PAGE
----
I think it's time to turn off automatic periodic ext3 fscks

April 18, 2010

I've noticed a pattern lately: I have a number of infrequently rebooted machines, and every time I reboot one of those machines I wind up sitting and drumming my fingers as the machine cheerfully announces 'filesystem X hasn't been checked in N days, checking for you'. It takes a while, because these filesystems are often kind of big and kind of full of things.

This is not ext3's fault; it is faithfully doing what it is configured to do, and even with all of the improvements you can stuff into it, fsck can only go so fast because your disks only go so fast. But, however much I don't like saying this, I think it means that it's time to stop having systems automatically do periodic ext3 fscks. When I reboot a machine under controlled circumstances, I almost always want it to come back up as soon as possible; I do not want to sit there for ten or twenty minutes as it grinds through a filesystem check. While I like the reassurance of periodic fscks of my filesystems, I don't like them quite that much.

There are two periodic checks that ext3 does, one based on how recently the filesystem was checked and one based on how many times it's been mounted. You can check the state of both of these with 'dumpe2fs -h'; the time based check is in the 'Last checked', 'Check interval', and 'Next check after' fields, and the mount count based check is in the 'Mount count' and 'Maximum mount count' fields.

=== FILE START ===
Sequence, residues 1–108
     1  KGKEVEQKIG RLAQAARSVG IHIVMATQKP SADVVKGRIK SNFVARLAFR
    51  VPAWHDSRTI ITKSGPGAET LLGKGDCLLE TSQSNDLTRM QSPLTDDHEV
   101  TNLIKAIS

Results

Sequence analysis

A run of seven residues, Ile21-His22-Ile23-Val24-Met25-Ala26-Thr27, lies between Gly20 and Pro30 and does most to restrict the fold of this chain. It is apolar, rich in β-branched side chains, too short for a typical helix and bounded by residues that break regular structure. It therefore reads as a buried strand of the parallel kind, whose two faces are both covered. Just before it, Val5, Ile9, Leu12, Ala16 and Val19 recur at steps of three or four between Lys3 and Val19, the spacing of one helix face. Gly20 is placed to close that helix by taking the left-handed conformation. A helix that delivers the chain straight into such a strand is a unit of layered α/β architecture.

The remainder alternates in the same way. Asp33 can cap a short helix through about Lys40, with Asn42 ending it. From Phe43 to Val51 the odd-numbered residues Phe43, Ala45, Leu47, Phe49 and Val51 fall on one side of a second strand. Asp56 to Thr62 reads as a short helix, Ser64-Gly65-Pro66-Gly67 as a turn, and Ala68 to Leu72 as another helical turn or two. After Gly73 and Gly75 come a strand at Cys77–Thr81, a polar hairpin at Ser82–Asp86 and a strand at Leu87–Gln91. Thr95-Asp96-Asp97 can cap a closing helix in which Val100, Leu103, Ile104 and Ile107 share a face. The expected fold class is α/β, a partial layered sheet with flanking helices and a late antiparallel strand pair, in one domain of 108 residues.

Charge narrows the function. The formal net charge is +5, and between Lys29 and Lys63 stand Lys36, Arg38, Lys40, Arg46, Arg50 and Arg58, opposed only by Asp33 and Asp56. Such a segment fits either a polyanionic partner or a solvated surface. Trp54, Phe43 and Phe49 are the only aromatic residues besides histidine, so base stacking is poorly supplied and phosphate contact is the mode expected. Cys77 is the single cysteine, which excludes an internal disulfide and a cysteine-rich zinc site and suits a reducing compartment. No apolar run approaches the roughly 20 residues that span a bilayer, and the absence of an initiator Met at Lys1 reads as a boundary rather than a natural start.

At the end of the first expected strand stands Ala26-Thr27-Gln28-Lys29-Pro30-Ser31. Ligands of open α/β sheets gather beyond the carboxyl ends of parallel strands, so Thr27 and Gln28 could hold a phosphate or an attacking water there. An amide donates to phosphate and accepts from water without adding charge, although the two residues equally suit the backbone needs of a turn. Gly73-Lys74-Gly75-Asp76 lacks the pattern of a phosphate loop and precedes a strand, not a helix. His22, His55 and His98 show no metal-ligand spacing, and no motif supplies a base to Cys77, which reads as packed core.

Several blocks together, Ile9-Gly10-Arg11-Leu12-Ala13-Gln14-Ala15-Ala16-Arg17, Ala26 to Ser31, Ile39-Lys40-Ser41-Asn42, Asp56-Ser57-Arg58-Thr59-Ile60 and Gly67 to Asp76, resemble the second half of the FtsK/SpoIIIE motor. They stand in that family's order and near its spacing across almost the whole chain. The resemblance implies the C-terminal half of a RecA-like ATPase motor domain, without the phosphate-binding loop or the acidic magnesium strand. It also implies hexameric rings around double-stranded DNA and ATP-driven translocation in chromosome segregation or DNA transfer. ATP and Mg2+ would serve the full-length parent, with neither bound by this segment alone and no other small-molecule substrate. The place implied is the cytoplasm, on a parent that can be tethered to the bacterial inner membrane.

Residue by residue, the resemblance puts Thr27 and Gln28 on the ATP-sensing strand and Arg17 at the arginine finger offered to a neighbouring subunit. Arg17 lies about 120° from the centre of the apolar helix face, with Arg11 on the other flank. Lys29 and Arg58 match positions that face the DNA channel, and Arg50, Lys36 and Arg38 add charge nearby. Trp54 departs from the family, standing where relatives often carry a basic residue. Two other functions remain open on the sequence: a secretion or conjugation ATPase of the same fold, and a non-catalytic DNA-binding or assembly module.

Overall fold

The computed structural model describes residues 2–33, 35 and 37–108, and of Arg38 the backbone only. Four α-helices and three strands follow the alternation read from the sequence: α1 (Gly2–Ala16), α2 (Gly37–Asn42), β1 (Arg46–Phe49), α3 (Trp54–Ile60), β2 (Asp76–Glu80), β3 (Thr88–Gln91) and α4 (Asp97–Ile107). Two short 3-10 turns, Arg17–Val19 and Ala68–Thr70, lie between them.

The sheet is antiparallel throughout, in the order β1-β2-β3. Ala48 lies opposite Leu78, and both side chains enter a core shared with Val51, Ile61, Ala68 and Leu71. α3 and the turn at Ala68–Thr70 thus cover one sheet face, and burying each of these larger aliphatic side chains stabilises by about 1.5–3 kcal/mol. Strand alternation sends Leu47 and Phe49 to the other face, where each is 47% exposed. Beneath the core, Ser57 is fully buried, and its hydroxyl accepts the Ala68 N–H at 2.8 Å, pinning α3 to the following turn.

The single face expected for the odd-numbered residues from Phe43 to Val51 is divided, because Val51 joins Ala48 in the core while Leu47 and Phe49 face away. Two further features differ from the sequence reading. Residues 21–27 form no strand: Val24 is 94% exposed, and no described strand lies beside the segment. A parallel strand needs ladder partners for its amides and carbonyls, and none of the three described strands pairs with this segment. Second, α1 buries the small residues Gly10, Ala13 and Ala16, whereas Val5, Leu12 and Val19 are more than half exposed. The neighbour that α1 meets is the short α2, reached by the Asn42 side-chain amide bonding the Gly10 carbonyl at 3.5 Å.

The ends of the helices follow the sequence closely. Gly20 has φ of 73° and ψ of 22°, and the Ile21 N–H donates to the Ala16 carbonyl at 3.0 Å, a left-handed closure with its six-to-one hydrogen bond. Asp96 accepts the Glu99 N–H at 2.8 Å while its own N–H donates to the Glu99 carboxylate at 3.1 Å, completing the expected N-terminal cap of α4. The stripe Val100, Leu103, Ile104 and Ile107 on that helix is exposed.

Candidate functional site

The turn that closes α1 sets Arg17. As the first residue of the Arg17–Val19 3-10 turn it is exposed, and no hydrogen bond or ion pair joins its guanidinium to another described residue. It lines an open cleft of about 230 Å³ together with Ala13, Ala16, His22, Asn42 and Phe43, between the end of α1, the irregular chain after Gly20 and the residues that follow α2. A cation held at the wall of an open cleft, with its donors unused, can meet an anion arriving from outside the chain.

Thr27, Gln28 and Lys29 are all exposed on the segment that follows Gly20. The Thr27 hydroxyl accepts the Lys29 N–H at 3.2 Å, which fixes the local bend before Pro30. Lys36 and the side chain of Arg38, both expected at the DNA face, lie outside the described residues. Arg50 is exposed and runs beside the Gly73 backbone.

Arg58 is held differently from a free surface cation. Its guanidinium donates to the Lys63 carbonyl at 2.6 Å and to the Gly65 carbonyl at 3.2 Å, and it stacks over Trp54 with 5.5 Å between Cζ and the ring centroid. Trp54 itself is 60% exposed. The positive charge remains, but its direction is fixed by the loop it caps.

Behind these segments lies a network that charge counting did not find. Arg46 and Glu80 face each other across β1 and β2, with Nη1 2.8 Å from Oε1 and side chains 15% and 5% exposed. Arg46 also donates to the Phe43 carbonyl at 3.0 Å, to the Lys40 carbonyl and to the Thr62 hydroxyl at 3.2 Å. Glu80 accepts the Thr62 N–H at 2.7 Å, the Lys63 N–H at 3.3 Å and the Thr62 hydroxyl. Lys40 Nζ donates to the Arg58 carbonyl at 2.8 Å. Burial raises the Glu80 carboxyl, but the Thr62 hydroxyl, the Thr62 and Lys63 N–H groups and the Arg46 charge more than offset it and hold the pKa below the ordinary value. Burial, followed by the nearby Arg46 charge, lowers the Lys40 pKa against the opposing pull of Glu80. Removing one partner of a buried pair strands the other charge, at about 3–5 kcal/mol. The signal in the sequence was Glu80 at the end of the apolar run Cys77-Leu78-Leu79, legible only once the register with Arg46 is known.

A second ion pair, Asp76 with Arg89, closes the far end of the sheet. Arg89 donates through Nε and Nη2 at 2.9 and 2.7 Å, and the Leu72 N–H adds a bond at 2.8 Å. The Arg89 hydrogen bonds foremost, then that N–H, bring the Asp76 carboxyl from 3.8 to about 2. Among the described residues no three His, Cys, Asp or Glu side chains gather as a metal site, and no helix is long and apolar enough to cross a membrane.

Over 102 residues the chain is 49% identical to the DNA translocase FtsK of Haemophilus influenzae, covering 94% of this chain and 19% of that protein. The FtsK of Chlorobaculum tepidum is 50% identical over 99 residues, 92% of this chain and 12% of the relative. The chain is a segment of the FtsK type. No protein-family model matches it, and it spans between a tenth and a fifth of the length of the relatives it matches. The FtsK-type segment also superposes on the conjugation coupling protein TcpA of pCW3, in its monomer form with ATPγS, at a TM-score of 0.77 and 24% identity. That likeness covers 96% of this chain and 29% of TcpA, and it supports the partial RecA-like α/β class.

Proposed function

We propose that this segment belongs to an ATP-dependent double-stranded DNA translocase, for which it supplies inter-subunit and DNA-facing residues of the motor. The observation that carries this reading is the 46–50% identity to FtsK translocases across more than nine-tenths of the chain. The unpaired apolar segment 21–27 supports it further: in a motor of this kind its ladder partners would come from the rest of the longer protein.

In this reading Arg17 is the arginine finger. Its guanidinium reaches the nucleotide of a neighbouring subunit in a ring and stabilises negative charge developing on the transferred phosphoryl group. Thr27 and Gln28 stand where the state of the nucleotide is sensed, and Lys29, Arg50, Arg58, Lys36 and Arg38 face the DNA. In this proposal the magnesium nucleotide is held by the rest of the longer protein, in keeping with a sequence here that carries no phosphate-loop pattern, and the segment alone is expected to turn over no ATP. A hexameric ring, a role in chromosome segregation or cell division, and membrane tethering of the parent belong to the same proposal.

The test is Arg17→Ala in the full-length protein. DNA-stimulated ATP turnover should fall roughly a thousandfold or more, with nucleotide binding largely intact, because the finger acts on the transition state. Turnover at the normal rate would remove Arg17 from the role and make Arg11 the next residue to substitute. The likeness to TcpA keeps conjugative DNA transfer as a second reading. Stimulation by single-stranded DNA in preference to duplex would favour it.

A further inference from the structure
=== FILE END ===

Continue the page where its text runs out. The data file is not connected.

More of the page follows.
(Checking is worthwhile, because some Linux distributions seem to turn off these checks by default; our Red Hat Enterprise Linux machines have both turned off, for example.)

Disabling either or both checks is done by tune2fs; 'tune2fs -c -1' (or 0) will turn off mount count based checks, and 'tune2fs -i 0' will disable the time based checks. The last time I tried to do anything with tune2fs, it had to be used on an unmounted filesystem, but that may have changed by now. So in summary (and for my future reference), you want to do:

tune2fs -c -1 -i 0 /dev/whatever

While it may sound alarming to turn off these automatic periodic checks, I should point out explicitly what my experience shows: these automatic checks are happening only very infrequently. If you only reboot machines once or twice a year (or even less frequently), you are only getting very infrequent checks from these 'periodic' checks. If filesystem corruption is a significant concern for you, you are better off explicitly scheduling and performing more frequent checks (or at least more predictable ones). That way you know that your filesystems have all been checked within, say, the last three months.

(I suppose the straightforward way to do this is to actually set a time based check interval and then reboot your machines at slightly more than that time interval, so you might set 85 days as the check interval and then reboot your machines every 90 days. My understanding is that the state of the art of doing this without reboots involves LVM, snapshots, and fsck'ing the snapshot to see if anything comes up, but I have not looked into this very much.)

Written on 18 April 2010.
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Last modified: Sun Apr 18 01:33:08 2010
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